Valhalla

Valhalla by Newton Thornburg Read Free Book Online

Book: Valhalla by Newton Thornburg Read Free Book Online
Authors: Newton Thornburg
Tags: Sci-Fi, post apocalyptic, Dystopian
the ground rose up in a layered limestone bluff sixty or seventy feet in height and heavily wooded on top, mostly with cedar. Looking downstream, he could see almost a mile, to another wooded ridge that ran in a broad easterly arc, ultimately joining the bluff directly across from him. It all looked wild, a natural home for deer and other game.
    He got the twenty-two pistol out of his backpack and gave it to Eddie. “In case anything comes up while I’m gone,” he told him.
    Eddie spun the cylinder, grinning like a kid with a toy. “Eddie Gardner, desperado,” he said.
    Jagger asked what was happening and Eve told him.
    “Beautiful,” he sneered. “We’d be safer with the thing in my hands.”
    Stone finished checking his rifle and swung into the backpack. Eve was watching him.
    “I wouldn’t think you’d want to carry all that,” she said. “If you’re coming back.”
    “It’s my life support system. Where I go, it goes.”
    “You don’t exactly trust us, do you?”
    He was about to protest the accusation but her level gaze stopped him. “I guess not,” he admitted. “Not yet, anyway.”
    “I can’t say I blame you.”
    “Sweet nothings,” Jagger said. “The cooing of lovebirds.”
    Eve made a face. “Oh, bullshit, Jag. Will you come off it!”
    Eddie asked Stone how long he would be gone and he said a few hours, possibly three or four. And he told them not to move on to some other place while he was gone but to stay right there at the bend, because he wasn’t a woodsman and wouldn’t be able to find them.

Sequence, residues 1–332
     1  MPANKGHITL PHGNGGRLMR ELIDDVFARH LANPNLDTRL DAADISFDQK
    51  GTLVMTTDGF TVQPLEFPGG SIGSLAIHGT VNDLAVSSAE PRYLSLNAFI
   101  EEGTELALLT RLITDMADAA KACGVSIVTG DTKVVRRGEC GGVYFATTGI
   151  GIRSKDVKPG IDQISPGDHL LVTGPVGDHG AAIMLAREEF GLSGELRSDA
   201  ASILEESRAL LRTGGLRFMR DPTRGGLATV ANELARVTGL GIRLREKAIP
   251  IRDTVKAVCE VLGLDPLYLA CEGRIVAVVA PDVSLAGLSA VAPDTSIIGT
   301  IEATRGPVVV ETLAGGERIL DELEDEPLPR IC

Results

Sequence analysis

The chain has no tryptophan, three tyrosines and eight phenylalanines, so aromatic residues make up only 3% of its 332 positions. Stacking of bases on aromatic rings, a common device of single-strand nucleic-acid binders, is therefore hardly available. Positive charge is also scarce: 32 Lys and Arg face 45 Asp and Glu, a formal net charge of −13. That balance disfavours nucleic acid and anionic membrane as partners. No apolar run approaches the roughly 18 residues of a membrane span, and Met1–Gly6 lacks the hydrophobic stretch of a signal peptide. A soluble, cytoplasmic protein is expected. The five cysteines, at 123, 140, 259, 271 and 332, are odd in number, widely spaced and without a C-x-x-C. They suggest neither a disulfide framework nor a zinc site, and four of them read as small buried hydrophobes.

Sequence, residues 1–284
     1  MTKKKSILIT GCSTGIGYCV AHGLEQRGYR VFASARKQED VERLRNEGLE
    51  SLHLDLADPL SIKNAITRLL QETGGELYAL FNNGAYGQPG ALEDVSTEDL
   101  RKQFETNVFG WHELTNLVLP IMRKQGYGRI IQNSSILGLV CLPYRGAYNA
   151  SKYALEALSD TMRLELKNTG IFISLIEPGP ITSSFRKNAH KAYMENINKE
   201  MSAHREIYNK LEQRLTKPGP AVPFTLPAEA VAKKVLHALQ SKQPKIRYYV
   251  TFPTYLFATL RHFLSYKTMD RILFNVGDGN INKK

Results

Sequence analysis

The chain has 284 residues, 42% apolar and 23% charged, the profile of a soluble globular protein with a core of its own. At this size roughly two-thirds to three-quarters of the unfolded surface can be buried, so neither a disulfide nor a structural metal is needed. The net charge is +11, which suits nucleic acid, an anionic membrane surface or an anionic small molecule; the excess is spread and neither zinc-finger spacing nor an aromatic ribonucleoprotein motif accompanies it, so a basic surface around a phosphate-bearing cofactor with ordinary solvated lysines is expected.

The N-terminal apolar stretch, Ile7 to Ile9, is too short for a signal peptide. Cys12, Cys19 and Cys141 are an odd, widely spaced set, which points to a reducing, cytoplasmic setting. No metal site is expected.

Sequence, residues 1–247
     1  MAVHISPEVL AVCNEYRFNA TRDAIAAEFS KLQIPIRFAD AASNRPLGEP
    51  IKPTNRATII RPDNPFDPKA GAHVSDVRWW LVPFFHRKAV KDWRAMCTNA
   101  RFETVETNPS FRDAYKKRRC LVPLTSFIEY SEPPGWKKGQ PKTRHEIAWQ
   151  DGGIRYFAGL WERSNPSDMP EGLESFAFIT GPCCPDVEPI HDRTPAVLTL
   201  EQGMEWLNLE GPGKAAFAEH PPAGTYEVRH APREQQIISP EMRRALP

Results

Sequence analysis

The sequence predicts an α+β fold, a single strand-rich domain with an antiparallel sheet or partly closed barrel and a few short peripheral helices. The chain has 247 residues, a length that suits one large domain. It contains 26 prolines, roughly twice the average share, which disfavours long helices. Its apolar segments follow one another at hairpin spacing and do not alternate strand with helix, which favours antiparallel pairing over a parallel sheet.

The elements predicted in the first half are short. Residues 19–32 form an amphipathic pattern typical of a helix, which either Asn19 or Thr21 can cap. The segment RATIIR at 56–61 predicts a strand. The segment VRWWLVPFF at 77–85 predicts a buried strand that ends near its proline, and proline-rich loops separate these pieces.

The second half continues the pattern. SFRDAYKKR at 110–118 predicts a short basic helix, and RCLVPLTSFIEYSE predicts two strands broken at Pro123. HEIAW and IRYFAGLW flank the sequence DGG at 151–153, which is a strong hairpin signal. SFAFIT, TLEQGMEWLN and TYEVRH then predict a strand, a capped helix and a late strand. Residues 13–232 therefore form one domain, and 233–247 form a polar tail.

“We’ll be here,” Eve said.
    Stone left then, crossing the creek at a rocky ford a few hundred yards from the bend. He found a way up the bluff and started through the woods on top, surprised at its thickness. For October, the day was unusually hot and uncomfortable. Flies buzzed him as if it were still midsummer and spiderwebs wafted on every breeze, catching on his face and in his hair. Though he moved in a zigzag pattern, he failed to find a path through the woods and had to pick his way, slowly, trying to be as quiet as he could. Above the trees he saw an occasional hawk or vulture stunting in the cobalt sky, as if in challenge to his markmanship, which he knew would have been inadequate to the task. Rather, he wanted to sight a deer or rabbit, preferably stationary, because he did not like the idea of wasting a shot, a bullet he might never be able to replace. Also he was leery of having any strangers—locals or Mau Mau—hear the shot and decide that they had to have the gun that had fired it. As a result, he made a very cautious hunter, and a very unsuccessful one too, at least for the first hour.
    But finally, around the middle of the afternoon, his luck changed and he saw about a hundred feet ahead of himsome sort of creature clinging to a tree trunk like a koala bear in one of the old Quantas commercials, a cuddly ball of dark brown fur staring at him through a pair of raisinlike eyes. He quickly lifted the thirty-thirty and fired, blowing the creature out of the hedge tree like a clay pigeon out of the sky. Only as he approached his kill did he realize what it was—a groundhog, looking up at him with the same bland gaze as before, as if it were unaware that the lower half of its body had been mangled. Stone’s gorge rose and his first impulse was to run from the animal, to leave its all too bloody reality behind him. But his stomach growled a contrary message, and he stayed. He was not even sure that groundhog was edible, but he saw no reason not to find out. Using some twine, he hung the animal from a limb to let it bleed dry while he went on to reconnoiter the area. He imagined that the vultures, among other creatures, would soon be after it; but hanging as it did from the tree, he doubted that they would be able to get the necessary footing for any prolonged or effective feeding. Then too, he reasoned that when he returned he might well find something feeding on it that

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